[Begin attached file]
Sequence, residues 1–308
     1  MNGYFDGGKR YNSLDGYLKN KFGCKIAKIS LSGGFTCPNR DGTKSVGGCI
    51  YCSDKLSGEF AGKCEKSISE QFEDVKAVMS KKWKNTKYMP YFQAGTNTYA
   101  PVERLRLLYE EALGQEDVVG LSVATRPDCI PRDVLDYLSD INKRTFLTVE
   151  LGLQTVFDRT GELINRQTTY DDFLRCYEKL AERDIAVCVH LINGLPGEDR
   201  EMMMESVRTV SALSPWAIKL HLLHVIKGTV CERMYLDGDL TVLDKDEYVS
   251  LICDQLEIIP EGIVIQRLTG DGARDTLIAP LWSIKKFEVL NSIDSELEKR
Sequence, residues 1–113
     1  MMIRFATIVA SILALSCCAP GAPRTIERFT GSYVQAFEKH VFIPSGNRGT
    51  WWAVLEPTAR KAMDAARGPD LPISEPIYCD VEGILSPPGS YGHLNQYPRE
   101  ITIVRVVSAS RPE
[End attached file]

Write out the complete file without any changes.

Sequence, residues 1–308
     1  MNGYFDGGKR YNSLDGYLKN KFGCKIAKIS LSGGFTCPNR DGTKSVGGCI
    51  YCSDKLSGEF AGKCEKSISE QFEDVKAVMS KKWKNTKYMP YFQAGTNTYA
   101  PVERLRLLYE EALGQEDVVG LSVATRPDCI PRDVLDYLSD INKRTFLTVE
   151  LGLQTVFDRT GELINRQTTY DDFLRCYEKL AERDIAVCVH LINGLPGEDR
   201  EMMMESVRTV SALSPWAIKL HLLHVIKGTV CERMYLDGDL TVLDKDEYVS
   251  LICDQLEIIP EGIVIQRLTG DGARDTLIAP LWSIKKFEVL NSIDSELEKR
Sequence, residues 1–113
     1  MMIRFATIVA SILALSCCAP GAPRTIERFT GSYVQAFEKH VFIPSGNRGT
    51  WWAVLEPTAR KAMDAARGPD LPISEPIYCD VEGILSPPGS YGHLNQYPRE
   101  ITIVRVVSAS RPE